Wednesday, March 01, 2006

The long drawn-out agony of giving up control

One of the big problems facing entrepreneurs is control.

When they found their business, entrepreneurs are in complete control. They have to be: they can't allow a free-thinking employee or supplier to undermine thier vision or the standards they are trying to create.

Some people dismiss entrepreneurs as “control freaks,” but they are this way for good reason. Just as a watchful she-bear will fight for her cubs, entrepreneur will take few chances that would endanger their business. When you take your eye off the business, danger is always close by.

(Recall 15 years ago when Magna founder Frank Stronach started dabbling in restaurants and politics -- his auto-parts company started to crumble. It was only when Frank returned to put his personal stamp on the business again that it recovered.)

Over time, then, entrepreneurs must battle hard to find systems that allow them to give up control without sacrificing quality, standards or culture.

In an article written a few years ago for PROFIT Magazine’s website, Markham, Ont. entrepreneur Aaron Moscoe, co-founder of a corporate-giftware firm called The Promotional Specialists, described his efforts to let go. Here are a few excerpts that speak to the difficulty of letting go – and the incredible opportunity that creates for suppliers and other potential partners who can win an entrepreneur’s trust.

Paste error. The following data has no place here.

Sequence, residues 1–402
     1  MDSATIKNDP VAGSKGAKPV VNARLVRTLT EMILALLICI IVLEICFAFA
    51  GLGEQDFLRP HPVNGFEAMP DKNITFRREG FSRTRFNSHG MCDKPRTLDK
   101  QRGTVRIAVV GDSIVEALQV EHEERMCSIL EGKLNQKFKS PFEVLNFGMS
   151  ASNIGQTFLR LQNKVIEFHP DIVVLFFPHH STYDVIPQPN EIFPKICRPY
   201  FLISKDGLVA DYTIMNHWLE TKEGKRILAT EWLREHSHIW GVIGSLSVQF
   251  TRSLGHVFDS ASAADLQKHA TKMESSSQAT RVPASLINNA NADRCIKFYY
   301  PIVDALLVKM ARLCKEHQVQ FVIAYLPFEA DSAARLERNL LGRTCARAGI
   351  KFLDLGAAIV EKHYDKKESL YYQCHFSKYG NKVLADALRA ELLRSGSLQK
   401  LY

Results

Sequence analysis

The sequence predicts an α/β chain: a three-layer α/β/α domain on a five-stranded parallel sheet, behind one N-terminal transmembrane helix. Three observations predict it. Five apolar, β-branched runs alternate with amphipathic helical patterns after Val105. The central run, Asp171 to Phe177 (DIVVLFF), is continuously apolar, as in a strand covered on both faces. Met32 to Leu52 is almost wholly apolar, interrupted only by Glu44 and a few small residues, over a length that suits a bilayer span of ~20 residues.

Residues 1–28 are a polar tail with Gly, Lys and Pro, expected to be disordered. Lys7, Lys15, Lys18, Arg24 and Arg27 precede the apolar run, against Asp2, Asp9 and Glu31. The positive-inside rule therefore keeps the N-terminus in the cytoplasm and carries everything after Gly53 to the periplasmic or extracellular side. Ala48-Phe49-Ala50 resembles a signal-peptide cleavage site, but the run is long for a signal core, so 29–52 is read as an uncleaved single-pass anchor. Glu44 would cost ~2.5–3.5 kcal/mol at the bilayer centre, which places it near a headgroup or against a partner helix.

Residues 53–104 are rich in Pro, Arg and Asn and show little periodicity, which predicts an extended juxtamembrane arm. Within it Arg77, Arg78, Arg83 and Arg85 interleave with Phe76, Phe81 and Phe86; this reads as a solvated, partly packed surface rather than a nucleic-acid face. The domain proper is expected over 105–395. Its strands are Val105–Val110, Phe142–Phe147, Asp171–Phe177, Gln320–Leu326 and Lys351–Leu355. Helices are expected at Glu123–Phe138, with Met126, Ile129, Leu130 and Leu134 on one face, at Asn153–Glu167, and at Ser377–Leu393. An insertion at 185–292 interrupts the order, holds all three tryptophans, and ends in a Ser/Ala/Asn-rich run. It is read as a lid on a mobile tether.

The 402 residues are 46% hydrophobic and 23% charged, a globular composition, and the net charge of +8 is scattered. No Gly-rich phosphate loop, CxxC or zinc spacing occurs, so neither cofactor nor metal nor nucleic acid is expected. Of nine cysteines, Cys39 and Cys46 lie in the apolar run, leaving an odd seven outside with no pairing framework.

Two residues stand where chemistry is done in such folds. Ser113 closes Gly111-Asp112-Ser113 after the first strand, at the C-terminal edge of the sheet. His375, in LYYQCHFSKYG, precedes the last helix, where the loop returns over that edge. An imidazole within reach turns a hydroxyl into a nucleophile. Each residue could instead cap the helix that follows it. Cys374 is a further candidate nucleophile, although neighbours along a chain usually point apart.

"Having built this business personally, [my partner and I] like to have things done our way - and who better to do it exactly that way than ourselves? The problem is that there are too many accounts to manage to allow us the time to plan and manage our business properly. Like many small business entrepreneurs we have tried to just work harder. After a while you learn that there is not too much of this or that, but too few of you.

"Hiring others to do jobs that you handled previously is tough because it means relinquishing some control. (Rick’s note: the suggestion here is that relinquishing control is bad. I am sure Aaron has gotten over that notion now, and recognized that delegating is an essential skill – but it’s a hard concept for many to accept]. While you can train employees, you also need to trust them and to realize the various ways they can add value to your business, even if it is by doing things differently.

"Perhaps the most important way to grow is to realize that you must inevitably rely on others. Whether employees, suppliers, couriers, financiers, or key clients, it is dramatically important to choose those strategic partners carefully.”

You can read the rest of the story here, but here's the main point: When you sell services to entrepreneurs, they may be cautious, skeptical, even hostile, because they are being asked to entrust their business to your systems, your standards.

Once you recognize that pitching your product is much like asking new parents to entrust your baby to their care, you will better understand that your primary job is not to sell your services to entrepreneurs, but to win their trust. If you can do that, the rest gets much easier.

There are no quick wins in this market. As Moscoe concludes, “Partnerships must be mutually beneficial in the long run if they are to last. Accordingly, it is crucial to work with partners who value the contribution that your partnership brings to them.”

If you're listening, that's the sound of an entrepreneur demanding respect.

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